3. Drone Helps Find Ancient Temple Remnants in Israel

Anadolu Agency/Getty

UAVs have become a highly effective tool for archaeologists.

As a huge Indiana Jones fan, as well as anything that forces us to re-think and reconfigure our timelines of history, this was a particularly appealing story. It's not just that we've discovered a new structure that had remained hidden for thousands of years, which, alone, is stupefyingly cool. It's the fact that drones are beginning to ramp that process up. Who knows how many temple sites and historically significant remnants will be spotted by unmanned aerial vehicles moving forward? The mere fact that drones are affordable and useful tools could alter our knowledge of history. Surely, even Indy would appreciate that.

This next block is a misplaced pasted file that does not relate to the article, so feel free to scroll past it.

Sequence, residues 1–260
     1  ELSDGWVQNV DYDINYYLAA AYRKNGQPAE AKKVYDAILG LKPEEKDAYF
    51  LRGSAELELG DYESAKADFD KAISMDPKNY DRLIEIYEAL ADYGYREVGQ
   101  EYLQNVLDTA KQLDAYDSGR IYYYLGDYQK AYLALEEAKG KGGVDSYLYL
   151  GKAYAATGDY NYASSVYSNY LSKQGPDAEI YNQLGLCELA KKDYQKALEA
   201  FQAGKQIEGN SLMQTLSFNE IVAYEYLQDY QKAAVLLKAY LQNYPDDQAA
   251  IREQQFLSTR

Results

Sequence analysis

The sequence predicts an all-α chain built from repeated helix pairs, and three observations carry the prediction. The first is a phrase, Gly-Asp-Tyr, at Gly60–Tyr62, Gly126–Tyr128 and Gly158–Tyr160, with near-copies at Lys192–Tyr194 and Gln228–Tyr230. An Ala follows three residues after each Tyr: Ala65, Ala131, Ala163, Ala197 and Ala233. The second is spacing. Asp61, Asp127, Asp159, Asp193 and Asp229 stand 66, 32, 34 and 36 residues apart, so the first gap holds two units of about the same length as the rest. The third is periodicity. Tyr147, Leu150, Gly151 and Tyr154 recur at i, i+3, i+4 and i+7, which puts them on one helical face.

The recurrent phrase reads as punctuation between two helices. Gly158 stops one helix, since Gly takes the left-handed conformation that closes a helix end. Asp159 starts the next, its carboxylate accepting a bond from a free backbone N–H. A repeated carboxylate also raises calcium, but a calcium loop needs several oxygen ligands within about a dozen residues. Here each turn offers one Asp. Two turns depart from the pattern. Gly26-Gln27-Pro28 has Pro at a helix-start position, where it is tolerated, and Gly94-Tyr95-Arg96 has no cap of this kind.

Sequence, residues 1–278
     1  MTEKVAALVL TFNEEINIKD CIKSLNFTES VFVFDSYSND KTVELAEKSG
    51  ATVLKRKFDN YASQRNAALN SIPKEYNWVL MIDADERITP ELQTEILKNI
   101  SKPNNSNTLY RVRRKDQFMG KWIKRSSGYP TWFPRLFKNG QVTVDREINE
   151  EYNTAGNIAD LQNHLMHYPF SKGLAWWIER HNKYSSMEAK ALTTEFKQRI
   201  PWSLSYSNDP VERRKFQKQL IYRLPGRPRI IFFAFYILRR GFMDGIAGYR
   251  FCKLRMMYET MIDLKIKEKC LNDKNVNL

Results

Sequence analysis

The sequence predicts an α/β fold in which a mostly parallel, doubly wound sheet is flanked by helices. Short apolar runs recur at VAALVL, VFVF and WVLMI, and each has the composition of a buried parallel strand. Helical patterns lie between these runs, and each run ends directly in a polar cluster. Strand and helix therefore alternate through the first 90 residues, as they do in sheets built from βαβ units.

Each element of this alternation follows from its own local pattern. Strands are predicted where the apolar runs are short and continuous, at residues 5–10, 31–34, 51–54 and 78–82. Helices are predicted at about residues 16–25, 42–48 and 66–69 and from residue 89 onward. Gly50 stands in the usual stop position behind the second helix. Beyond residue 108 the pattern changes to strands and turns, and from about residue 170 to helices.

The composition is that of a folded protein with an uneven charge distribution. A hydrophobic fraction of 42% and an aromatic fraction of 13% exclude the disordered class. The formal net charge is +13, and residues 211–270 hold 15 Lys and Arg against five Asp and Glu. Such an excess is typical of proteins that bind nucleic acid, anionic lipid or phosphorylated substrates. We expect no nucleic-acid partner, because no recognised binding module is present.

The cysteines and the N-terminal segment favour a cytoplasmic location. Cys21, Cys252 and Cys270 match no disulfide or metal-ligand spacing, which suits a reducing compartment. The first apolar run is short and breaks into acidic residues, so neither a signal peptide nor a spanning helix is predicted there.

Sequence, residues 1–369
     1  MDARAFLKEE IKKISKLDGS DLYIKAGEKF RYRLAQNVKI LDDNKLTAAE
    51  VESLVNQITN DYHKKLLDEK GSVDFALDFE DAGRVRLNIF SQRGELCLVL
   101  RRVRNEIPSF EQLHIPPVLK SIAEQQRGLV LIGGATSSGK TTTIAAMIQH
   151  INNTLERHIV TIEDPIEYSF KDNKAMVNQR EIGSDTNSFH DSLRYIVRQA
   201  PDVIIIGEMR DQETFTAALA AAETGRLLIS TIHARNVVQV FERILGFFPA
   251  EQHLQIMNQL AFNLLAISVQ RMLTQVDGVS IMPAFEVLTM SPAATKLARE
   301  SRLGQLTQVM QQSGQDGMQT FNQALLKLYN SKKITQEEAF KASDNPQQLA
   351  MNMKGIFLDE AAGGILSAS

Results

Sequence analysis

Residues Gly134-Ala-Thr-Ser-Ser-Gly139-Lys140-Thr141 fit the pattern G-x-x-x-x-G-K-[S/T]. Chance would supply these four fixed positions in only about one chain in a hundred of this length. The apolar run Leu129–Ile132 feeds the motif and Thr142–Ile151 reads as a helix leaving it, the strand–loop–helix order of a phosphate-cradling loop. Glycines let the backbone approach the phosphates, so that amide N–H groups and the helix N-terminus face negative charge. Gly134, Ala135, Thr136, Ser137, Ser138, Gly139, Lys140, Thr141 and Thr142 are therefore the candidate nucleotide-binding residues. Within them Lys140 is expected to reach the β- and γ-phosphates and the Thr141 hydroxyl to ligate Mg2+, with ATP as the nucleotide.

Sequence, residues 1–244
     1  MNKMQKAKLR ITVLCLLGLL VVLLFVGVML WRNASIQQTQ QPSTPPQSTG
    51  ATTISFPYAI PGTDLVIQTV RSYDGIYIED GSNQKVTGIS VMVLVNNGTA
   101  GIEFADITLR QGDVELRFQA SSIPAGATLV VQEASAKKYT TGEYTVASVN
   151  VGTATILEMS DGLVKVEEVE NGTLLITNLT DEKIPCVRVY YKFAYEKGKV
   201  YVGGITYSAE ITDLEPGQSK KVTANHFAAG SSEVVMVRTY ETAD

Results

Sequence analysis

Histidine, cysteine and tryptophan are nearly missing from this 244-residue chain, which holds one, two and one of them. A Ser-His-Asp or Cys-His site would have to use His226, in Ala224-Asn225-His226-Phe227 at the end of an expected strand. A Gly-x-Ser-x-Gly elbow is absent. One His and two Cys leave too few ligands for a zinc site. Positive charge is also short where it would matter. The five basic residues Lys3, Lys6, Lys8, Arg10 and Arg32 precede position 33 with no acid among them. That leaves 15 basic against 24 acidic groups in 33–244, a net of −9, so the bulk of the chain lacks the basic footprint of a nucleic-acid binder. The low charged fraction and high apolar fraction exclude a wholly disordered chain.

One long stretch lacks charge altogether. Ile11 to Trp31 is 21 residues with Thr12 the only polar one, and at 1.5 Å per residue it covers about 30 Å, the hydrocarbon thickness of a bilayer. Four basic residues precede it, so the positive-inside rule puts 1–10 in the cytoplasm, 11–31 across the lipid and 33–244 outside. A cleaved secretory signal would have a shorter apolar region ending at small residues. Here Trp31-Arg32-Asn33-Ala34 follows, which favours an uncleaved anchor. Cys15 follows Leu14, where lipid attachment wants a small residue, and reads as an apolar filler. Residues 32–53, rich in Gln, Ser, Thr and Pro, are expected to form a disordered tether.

2. Eminem Reveals REVIVAL Cover Art via Drone Footage

Jeremy Deputat/Eminem/Shady Records

Eminem's REVIVAL projected against Michigan Central Station.

Eminem was the first artist to take utter control of my 11-year-old brain and its reward system. I needed his music, it spoke to me, and it hit me at the perfect time in my life. His was the first concert I ever went to, during the upswing of the peak of the man's career. While I now make a living writing about drones and their place in society, I spent much of 2017 theorizing and speculating with fellow Eminem fans what his newest album might sound like, and touch on, thematically. Unfortunately, the end result was massively disappointing. But that didn't stop me from rejoicing like a teenage girl that I was actually allowed to write about both drones and Eminem in one article.